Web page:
It is to be understood that the present invention is not limited to the sole embodiment described above, but encompasses any and all embodiments within the scope of the following claims.
These and other objects of the present invention will become readily apparent upon further review of the following specification and drawings.
FIG. 1 as an elevational view of the hand control station and a trolling motor in a portion of a boat.
FIG. 2 is a section of the hand control station of the present invention.
FIG. 3 is top view of the hand control station of the present invention.
Similar reference characters denote corresponding features consistently throughout the attached drawings.
1. Field of the Invention
The present invention relates to trolling motor controllers used to control small electric propulsion units on recreational fishing boats when engaged in fishing activities.
2. Description of the Prior Art
Many small recreational fishing vessels are equipped with electric trolling motors which are used to maneuver the vessel when fishing at a desired location. Such motors have the advantages of running for extended periods of time on little energy and with minor disturbance of the water surrounding the vessel.
It is desirable to be able to comfortably control these trolling motors from the station from which the fisherman engages in fishing activities. The prior art shows control arms extending from the head of the motor and also remote control units which are foot controlled. For instance, U.S. Pat. No. 3,602,181, issued Aug., 1971 to G. H. Harris shows a foot operated remote controller for a trolling motor.
U.S. Pat. No. 3,861,348, issued Jan. 21, 1975 to J. C. Beierle shows a control arm directly attached to a trolling motor.
U.S. Pat. No. 4,604,066, issued Aug. 5, 1986 to C. R. Davatz shows a mechanical hand control assembly meant to be attached to a specific foot control pedal.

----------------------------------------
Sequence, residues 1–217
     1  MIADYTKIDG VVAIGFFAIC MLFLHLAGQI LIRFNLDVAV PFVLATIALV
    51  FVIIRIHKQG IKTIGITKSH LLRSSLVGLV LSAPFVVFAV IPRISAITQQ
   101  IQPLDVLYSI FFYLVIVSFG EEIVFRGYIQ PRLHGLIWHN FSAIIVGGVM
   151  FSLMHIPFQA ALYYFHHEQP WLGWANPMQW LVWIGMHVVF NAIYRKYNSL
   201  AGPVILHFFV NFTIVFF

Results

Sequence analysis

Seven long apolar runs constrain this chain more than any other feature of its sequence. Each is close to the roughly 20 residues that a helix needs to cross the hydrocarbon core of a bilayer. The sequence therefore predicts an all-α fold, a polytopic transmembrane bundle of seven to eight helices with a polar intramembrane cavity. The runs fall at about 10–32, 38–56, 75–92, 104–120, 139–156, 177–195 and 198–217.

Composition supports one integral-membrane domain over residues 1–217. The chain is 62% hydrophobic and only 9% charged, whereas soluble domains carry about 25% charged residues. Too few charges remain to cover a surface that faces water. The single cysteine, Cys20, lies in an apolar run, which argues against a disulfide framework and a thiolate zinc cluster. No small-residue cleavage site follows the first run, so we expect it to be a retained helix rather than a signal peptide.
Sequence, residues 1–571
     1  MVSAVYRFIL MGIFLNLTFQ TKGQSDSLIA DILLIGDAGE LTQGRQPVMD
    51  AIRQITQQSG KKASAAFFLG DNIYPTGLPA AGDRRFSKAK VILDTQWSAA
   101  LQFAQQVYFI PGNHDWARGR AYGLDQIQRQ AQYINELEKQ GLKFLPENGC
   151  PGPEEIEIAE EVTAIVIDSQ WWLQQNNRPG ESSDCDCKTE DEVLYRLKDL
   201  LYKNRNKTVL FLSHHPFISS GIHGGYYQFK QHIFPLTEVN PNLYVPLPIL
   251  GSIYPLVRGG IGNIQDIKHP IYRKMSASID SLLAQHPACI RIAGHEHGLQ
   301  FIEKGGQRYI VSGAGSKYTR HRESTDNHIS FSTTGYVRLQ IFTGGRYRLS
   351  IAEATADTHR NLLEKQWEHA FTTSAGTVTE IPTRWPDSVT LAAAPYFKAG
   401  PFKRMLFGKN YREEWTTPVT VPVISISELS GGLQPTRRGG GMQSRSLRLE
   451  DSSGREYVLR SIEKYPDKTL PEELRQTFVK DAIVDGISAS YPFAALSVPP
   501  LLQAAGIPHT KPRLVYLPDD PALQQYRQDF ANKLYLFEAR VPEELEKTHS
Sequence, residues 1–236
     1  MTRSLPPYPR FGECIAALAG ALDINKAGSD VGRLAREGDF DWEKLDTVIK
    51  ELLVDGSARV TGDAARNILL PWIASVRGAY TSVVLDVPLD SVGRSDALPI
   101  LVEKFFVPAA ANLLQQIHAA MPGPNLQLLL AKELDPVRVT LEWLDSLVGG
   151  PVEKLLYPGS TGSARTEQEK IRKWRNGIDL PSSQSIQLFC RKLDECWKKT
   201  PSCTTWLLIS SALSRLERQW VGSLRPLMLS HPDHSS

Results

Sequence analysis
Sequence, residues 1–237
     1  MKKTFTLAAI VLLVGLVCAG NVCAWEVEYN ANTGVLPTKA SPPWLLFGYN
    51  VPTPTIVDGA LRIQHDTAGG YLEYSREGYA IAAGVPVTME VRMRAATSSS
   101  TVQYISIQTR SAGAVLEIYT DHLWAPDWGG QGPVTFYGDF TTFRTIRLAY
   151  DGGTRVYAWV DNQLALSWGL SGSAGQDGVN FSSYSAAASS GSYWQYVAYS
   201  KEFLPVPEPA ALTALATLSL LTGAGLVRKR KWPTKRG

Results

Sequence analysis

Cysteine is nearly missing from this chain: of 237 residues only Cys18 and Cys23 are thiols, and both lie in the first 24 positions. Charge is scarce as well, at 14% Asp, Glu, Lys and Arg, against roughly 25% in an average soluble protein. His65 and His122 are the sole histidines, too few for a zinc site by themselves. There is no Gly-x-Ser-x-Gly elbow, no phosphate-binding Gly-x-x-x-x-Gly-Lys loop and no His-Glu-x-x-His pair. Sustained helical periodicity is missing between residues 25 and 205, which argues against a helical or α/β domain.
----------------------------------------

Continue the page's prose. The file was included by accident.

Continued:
U.S. Pat. No. 4,698,032, issued Oct. 6, 1987 to D. A. Hill shows a telescoping control arm directly attached to a trolling motor.
U.S. Pat. No. 5,052,325, issued Oct. 1, 1991 to M. Rhines shows a chair mounted controller for a trolling motor.
Japanese Pat. No. 62-289499, issued Dec. 16, 1987 to T. Hosoya shows a trolling motor with a control handle.
None of the above inventions and patents, taken either singly or in combination, is seen to describe the instant invention as claimed.
It is desirable when fishing to have continual access to the trolling motor controller at the station from which one fishes. It is important that the controller not interfere with the operator's balance in the boat nor interfere with the fishing apparatus. As discussed above controllers with arms which attach directly to the motor have been developed. However, these type of devices require that the fisherman maintain a close proximity to the motor mount. These devices also require the arm to be horizontally rotated to steer the motor. This rotation can cause the control arm to be in an inaccessible or inconvenient position at times. Also developed to overcome some of these disadvantages are remote control devices which are operated by the operator's foot. These foot controllers also have disadvantages in certain boats and conditions. These controllers require that an operator control the vessel with a foot which precludes maintaining a solid stance in the vessel usually at times when sure footing is most needed, such as when accelerating or turning the vessel.
The present invention is a hand control station which allows the operator to maintain a solid stance in the vessel while controlling a trolling motor. The hand control station includes a telescoping shaft connected at one end to a base through an adjustable cog clamp. At the other end is a hand grip including a speed control knob and a power switch. The shaft is connected to the motor's steering cable through the base so one may steer the vessel by pushing or pulling on the shaft. This configuration allows the base to be located anywhere on the vessel and allows the handgrip to be conveniently positioned anywhere around the base for continual access. This arrangement allows an operator to have both feet firmly planted on deck and may also help maintain the operator's balance, as the controller is grasped in the hand when used to remotely control the operation of a trolling motor. These characteristics sharply reduce the chance of the operator being thrown overboard.
Accordingly, it is a principal object of the present invention to provide a convenient remote hand control station for electric trolling motors.
It is another object of the invention to provide a remote hand control station that will assist and will not interfere with an operators balance.
It is a further object of the invention to provide a remote hand control station that is totally adjustable such that it may be located at any convenient location around the operator.
It is an object of the invention to provide improved elements and arrangements thereof in an apparatus for the purposes described which is inexpensive, dependable and fully effective in accomplishing its intended purposes.